Unfair Competition by Employees and Former Employees

Orange County Unfair Competition Attorney

Employees owe a duty of loyalty to their employer. This means that the employee has a duty to act for the benefit of the employer when conducting their duties on the job. Additionally, an employee must give preference to the employer when conducting any business similar to that of the employer. Everything acquired from the employee by virtue of employment also belongs to the employer. Violation of this duty can give rise to damages although courts must balance this against the policy that favors competition in the market.

Solicitation of Business from Former Employer's Customers

Former employee’s duties to their former employer are limited. Although employers in most states are allowed to enforce non-compete agreements against former employees, these agreements are invalid in California except for very limited circumstances such as between business partners. Nevertheless, an employee is not allowed to steal or otherwise misappropriate trade secrets of its former employer in order to gain a competitive advantage against it. The employee’s use of trade secrets of a former employer is a form of unfair competition that is illegal in California. Use of an employer’s customer list classified as confidential is also unfair competition.

Accepting Competitive Employment

An employee violates the duty of loyalty if they begin employment with a competitor while employed. However, merely accepting employment with a competition while employed will not violate the employee’s duty of care unless some other blameworthy conduct has taken place like a misappropriation of trade secrets.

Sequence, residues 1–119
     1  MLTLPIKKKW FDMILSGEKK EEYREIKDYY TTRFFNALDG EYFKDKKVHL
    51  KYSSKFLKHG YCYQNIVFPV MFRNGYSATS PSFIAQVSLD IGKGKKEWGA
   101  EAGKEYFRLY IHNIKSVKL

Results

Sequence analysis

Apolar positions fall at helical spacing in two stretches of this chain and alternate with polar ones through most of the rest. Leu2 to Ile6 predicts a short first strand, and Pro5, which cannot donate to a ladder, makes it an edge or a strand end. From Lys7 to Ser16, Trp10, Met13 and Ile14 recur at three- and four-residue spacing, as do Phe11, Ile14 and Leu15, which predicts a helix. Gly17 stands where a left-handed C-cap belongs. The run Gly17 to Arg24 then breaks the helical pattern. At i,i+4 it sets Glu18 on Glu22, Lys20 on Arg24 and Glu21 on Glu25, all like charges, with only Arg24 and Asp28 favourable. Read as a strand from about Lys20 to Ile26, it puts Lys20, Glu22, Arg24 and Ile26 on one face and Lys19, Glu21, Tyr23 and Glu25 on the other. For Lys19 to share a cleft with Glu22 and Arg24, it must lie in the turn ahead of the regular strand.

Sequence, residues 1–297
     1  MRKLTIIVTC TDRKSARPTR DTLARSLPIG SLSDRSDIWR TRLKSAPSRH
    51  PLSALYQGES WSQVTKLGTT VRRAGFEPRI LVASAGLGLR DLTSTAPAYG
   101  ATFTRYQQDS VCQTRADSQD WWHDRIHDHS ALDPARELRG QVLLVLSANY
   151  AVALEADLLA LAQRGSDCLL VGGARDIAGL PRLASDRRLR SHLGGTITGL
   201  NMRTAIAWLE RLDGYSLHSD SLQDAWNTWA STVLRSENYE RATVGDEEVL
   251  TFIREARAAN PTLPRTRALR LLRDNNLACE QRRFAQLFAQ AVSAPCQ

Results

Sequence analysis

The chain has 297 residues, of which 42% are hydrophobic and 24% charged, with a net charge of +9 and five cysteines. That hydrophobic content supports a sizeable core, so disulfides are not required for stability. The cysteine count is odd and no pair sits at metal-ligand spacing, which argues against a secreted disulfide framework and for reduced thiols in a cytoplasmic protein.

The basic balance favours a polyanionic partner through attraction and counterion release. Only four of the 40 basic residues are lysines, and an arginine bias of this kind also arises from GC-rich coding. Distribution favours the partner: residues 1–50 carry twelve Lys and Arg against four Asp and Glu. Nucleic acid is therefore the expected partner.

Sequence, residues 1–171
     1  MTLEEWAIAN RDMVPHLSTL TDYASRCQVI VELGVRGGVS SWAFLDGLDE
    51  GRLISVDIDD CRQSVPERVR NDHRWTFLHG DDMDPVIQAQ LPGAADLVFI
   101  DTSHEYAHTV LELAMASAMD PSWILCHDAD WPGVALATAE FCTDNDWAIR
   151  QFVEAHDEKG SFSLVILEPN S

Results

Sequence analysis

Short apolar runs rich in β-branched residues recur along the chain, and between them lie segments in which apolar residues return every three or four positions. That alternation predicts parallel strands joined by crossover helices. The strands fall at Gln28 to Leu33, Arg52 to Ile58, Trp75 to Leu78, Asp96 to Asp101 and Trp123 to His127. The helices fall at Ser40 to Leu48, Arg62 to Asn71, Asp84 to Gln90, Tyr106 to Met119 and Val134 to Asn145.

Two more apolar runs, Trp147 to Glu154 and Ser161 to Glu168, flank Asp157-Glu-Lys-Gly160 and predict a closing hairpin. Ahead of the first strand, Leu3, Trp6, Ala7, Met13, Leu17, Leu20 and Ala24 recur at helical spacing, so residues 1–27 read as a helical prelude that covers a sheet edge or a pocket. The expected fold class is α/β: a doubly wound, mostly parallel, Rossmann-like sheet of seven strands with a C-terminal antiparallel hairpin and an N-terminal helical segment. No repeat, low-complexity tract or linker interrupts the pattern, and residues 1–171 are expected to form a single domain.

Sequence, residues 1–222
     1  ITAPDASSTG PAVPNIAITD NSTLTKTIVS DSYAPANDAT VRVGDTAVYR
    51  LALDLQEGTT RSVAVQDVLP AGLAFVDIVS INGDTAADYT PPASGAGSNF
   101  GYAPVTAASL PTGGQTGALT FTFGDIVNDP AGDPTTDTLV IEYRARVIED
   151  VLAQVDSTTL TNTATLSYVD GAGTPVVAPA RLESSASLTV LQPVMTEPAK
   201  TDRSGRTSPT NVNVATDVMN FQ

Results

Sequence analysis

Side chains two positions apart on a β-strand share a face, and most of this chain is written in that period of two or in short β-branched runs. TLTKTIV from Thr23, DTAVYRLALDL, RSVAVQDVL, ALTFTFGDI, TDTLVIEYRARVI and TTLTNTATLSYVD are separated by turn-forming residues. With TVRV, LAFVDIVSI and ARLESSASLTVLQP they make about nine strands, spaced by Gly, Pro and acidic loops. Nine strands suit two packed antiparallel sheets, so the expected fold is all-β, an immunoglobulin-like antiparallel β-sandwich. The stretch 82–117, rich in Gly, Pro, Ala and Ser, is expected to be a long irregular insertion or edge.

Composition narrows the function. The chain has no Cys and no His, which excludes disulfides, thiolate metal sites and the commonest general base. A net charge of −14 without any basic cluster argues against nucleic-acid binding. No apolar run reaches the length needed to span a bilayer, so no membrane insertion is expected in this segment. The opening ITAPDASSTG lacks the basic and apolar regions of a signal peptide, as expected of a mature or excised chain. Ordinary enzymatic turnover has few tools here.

Solicitation of Competitor's Employees and Employee Raiding

A competitor can hire another company’s employees. However, if a competitor begins soliciting employees in order to drive the other company out of business and prevent it from competing, the acts can rise to the level of unfair competition. The solicitation of a competitor’s employees for trade secrets is also a violation of unfair competition law.

Solicitation of Fellow Employee for Competing Company

Preparation to begin a competing business while employed is not in itself a violation of the duty of care. However, the solicitation of co-workers or current customers of an employer to help a competing company is an unfair business practice.

Organization of Competing Business

In the case Fowler v. Varian Associates (1987) an employee decided to develop a company to market an alternative to its employer’s products. The company would make the employee a business partner and would eventually seek clients from the same pool as that of the employer. The employer brought suit and the court found that the employee’s involvement in organizing the competing business violated his duty of loyalty to the current employer because he had a duty to let his employer know of the competing business and did not. However, keep in mind that simply beginning other employment off the job will not rise to a breach of the duty of loyalty unless it creates a real conflict of interest.

Concealment of Competitive Plan

Generally an employee may not compete with an employer while employed. However, employees can usually prepare to leave the employer to compete as long as it is not a violation of the above rules such as soliciting co-workers or clients. Nevertheless, business partners and corporate officers are held to higher standards. Merely preparing a plan to compete and concealing the plan is a breach of the duty of good faith and fair dealing.

Orange County Unfair Competition Lawyer

The Law Offices of Tony T. Liu provides skilled representation in unfair competition disputes. To schedule a consultation with an experienced California business law attorney call (714) 415-2007 today.

have a Question?
phone numbers